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WFMZ Allentown:Money Matters: When to buy new

    And what about sporting gear? It’s hard to imagine how weights can go bad. And it’s easy to imagine how many people are trying to get out from under them on sites like Craigslist or Freecycle.

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    Stuff.co.nz: Why you don’t need to buy new stuff for your home

      It pays to hunt on Neighbourly, Freecycle and Facebook Marketplace to find free furniture that people no longer want. My entire lounge at my previous flat was furnished with four floral couches, which cost just $35.

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      NerdWallet: How Being Neighborly Can Save You Money

        The Freecycle Network: This forum emphasizes keeping items out of landfills, so members give away unwanted items, rather than pitch them. Search Freecycle.org to find a group near you.

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        Bustle:Eco-Friendly Furniture Isn’t Hard To Get, But These Are 5 Key Things To Keep In Mind

          Hit up junk sales, backyard sales, secondhand furniture stores and fairs, and places like Freecycle to see what’s available in your area. Though, one piece of advice that holds for new and secondhand furniture alike: It’s not a good idea to agree to buy a piece of furniture before you’ve seen it. Always book a viewing to try it out before any money changes hands.

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          GreenBiz: How cleaning your closets can change your company’s culture

            For the past few weeks, I’ve been transitioning our children’s playroom to a room for teens. Our family challenge was to try and do it without buying anything new and coming out economically even, spending no more than we were able to generate by selling things in it. The result is that I’ve been a very active user of some tools of the circular economy: namely Freecycle.org, Goodwill, Craigslist and for the first time, Facebook Marketplace.

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            New York Times: How to Sell, Donate or Recycle Your Stuff

              If you’re like a lot of the people watching the new Netflix show, “Tidying Up with Marie Kondo,” you have already looked around your home for things you want to get rid of. If you’ve already done the hard work of sorting through your belongings and culling what you do not need, great work!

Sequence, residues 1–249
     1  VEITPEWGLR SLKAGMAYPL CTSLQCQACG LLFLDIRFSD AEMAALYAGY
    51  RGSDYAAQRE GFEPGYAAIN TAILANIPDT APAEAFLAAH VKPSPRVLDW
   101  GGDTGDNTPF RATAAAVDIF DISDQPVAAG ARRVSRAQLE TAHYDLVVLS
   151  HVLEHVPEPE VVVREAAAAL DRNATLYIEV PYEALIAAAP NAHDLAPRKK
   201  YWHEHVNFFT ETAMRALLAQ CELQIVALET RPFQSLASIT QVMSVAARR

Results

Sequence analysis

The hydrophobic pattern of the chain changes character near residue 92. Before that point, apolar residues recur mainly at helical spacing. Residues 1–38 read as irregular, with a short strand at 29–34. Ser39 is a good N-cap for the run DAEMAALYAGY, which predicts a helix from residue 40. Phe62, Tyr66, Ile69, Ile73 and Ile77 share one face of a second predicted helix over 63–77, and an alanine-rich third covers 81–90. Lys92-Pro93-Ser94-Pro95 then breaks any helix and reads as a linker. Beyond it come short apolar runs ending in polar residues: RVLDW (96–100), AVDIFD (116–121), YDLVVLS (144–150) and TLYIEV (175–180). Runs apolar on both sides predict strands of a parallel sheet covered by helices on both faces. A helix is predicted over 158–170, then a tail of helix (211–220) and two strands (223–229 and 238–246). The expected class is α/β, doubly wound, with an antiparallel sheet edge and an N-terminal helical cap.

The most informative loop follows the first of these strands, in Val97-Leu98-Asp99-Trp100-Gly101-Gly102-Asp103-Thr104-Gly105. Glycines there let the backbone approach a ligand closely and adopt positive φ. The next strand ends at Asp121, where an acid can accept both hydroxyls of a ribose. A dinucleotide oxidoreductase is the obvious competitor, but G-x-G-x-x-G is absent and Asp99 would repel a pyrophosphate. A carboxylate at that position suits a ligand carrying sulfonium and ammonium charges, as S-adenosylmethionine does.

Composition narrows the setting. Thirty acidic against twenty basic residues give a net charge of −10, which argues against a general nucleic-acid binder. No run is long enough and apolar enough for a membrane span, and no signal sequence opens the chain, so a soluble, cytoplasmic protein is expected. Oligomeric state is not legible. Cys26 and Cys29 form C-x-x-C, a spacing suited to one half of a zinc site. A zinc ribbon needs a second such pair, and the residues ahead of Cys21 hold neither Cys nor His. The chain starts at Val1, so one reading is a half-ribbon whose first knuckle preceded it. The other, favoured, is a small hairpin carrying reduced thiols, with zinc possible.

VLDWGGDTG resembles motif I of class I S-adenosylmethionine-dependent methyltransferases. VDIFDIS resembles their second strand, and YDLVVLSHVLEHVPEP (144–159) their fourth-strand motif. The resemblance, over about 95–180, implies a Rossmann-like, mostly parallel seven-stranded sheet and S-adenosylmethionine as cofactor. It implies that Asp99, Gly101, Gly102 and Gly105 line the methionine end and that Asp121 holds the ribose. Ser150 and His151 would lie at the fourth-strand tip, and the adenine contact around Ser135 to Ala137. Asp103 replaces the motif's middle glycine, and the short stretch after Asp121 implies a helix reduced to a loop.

Almost anything and everything

              Craigslist

              Freecycle.org

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              News.com.au: Free living is a modern way to save as Aussies ditch consumerism

                As family budgets bite, used goods platforms such as Facebook Buy Swap and Sell groups, Facebook Pay it Forward pages, Gumtree and Freecycle are becoming increasingly popular.

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                Tucson.com: New year, new you: How to recycle, swap and shred your stuff in Tucson

                  FREECYCLE SWAP
                  Another option to recycle and reuse is the Freecycle Post-Holiday Swap and Shred from 2 to 4 p.m. Saturday, Jan. 12, at Woods Memorial Library, 3455 N. First Ave.

                  Now in its 10th year, the annual event offers the opportunity to trade unwanted items in good condition — clothing, toys and games, kitchen and household items, books, holiday items, small electronics and much more.

                  “The swap is a big community recycling celebration. It is a goodwill event,” said Elizabeth Salper, library associate at Woods and the event coordinator.

                  Salper said that the event is a collaborative effort not only between the library and the community, but also between the offices of Ward Three Councilman Paul Durham and Pima County Constable Bennett Bernal, who provide document shredding in the parking lot. Shredding is free for one standard-sized box of documents and is limited to three boxes; if shredding exceeds one box, a small donation is requested to benefit Lend A Hand Senior Assistance, a nonprofit that provides services to help the elderly remain independent in their homes.

                  Items left over after the swap are donated to Big Brothers Big Sisters of Tucson.

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                  The Providence Journal: Trash Tutorial: Options for your played-out discs and tapes

                    A:If you have CDs, DVDs or VHS tapes that hold professionally recorded music or movies, and these are still in good, playable condition, then you have some online, satellite and brick-and-mortar options for finding their next home. There are websites and apps like Craigslist, FreeCycle, 5 Miles, Letgo and OfferUp that allow you to sell or give away used items for free. Book donation bins stationed around your community or at your local transfer station or recycling center also accept donatable CDs, DVDs and VHS tapes. Finally, you can just take them directly to a Goodwill, Savers, Salvation Army or other local thrift stores. Find a list at www.rirrc.org/reuse.

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                    BLOG: Living Frugal And Happy

                      1) Don’t buy what you can get for free
                      There are many ways to get free things. Your friends and family can give things they don’t need anymore to you, like furniture and clothes. In an increasingly environmental-conscious world websites pop up where people offer things they don’t need anymore, which you can pick up for free, for example freecycle.org. Besides these two great options you can find lots of free stuff through dumpster diving, where you pick up stuff people don’t want anymore. Try it, and you will be surprised what kind of stuff people throw away.

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